According to an Education Trust report, Wayne State had a three-year average graduation rate for whites of 43.5 percent, but one of 9.5 percent for African Americans. California State University-Fresno was in second place for the largest gap among public institutions. Among private schools, the largest gaps were at Lawrence Technological University in Michigan and Alverno College in Wisconsin.
Alicia Nails, who directs the Journalism Institute, told Journal-isms, "We don't track journalism students of color, but certainly all of the students who remain in the Journalism Institute for Media Diversity Honors Learning Community graduate from WSU.
"The other aspect that's good to note is that a solid percentage who leave the Institute due to their GPA also remain and earn their degrees as well. . . . The Institute is only open to students who have a 3.0 or above, are majoring in journalism, and want to take part in a Learning Community."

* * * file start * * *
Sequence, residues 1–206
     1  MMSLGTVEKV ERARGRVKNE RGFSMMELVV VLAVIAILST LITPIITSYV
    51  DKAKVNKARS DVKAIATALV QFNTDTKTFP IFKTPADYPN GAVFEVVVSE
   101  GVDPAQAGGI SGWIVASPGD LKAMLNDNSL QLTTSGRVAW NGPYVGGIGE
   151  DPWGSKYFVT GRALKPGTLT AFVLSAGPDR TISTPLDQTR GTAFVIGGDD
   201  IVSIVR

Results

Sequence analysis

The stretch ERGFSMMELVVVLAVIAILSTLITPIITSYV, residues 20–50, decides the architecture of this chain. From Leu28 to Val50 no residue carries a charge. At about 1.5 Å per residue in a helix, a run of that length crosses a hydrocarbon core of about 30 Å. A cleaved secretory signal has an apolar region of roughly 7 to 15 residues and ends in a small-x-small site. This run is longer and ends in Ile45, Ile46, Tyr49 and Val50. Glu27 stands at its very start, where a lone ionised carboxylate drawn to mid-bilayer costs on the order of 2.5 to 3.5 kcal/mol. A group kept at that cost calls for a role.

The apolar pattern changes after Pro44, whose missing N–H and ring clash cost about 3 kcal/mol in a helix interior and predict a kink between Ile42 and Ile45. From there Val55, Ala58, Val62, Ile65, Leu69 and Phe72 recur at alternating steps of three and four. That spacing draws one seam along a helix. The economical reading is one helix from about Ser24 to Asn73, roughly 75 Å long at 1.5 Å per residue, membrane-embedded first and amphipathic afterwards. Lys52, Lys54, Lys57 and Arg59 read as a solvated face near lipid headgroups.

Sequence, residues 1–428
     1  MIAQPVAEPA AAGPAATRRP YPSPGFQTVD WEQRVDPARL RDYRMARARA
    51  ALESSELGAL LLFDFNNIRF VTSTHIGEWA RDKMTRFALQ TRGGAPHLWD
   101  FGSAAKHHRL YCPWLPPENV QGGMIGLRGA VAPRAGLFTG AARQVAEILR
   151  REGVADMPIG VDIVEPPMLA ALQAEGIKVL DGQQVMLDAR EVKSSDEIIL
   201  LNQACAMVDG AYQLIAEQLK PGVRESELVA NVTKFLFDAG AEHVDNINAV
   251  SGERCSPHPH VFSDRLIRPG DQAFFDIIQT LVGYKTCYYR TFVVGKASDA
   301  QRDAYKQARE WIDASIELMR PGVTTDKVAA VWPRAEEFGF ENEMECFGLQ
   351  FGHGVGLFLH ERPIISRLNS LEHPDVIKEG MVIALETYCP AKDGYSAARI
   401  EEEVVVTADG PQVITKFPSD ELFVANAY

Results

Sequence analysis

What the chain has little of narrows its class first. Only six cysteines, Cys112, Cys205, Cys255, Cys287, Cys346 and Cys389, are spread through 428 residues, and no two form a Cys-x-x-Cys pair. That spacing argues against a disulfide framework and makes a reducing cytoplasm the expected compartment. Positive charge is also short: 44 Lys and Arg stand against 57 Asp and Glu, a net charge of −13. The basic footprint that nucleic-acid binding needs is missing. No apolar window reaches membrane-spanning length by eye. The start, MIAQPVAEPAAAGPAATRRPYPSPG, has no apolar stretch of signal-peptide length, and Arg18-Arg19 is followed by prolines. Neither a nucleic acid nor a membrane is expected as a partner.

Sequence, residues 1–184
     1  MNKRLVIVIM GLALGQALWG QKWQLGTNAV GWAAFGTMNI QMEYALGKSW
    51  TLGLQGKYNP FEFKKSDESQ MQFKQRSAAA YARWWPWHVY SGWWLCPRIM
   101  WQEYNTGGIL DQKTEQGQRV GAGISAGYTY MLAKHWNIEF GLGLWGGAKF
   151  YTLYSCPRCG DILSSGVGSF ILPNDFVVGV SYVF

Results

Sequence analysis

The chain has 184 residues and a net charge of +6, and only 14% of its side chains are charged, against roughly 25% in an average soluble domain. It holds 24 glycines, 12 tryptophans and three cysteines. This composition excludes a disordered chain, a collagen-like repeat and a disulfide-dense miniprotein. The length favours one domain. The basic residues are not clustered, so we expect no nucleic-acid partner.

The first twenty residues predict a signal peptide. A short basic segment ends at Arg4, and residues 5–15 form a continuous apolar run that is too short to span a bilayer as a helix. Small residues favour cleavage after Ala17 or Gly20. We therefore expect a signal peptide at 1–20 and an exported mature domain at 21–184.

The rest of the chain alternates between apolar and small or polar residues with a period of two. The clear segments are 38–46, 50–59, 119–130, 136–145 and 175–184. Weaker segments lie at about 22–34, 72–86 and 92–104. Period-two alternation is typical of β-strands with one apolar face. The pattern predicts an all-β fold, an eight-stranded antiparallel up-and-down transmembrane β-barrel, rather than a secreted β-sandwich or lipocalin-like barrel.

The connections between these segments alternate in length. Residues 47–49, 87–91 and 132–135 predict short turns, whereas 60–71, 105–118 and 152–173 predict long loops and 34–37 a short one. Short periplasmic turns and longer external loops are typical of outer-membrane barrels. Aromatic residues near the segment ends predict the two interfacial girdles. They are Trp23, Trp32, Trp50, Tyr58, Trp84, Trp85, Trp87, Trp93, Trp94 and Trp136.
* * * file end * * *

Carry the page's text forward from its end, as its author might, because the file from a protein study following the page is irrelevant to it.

She added in her e-mail, "When the State of Michigan passed Prop 2 in 2006, the Journalism Institute for Minorities became the Journalism Institute for Media Diversity.
"While the university clearly tracks students by race, etc., the Journalism Program ceased all race-based initiatives at that time. Therefore, I'm unable to provide a racial breakdown of the membership.
"There are typically 25 members and we'd like to see that number increase to 35. Next year we're offering 4 year full scholarships to two entering freshmen to assist that goal."
- Stanley Crouch, New York Daily News: A nation forgets its priorities: But in Harlem, a program for children offers hope in trying times
- Bob Herbert, New York Times: Too Long Ignored
- Schott Foundation for Public Education: New Report "Yes We Can" Shows America's Public Schools Fail Over Half the Nation's Black Male Students (PDF)
"A federal appeals court reinstated a slander suit Tuesday against ABC-TV by a Southern California televangelist who was misleadingly shown on '20/20' as bragging about his wealth," Bob Egelko wrote for the San Francisco Chronicle.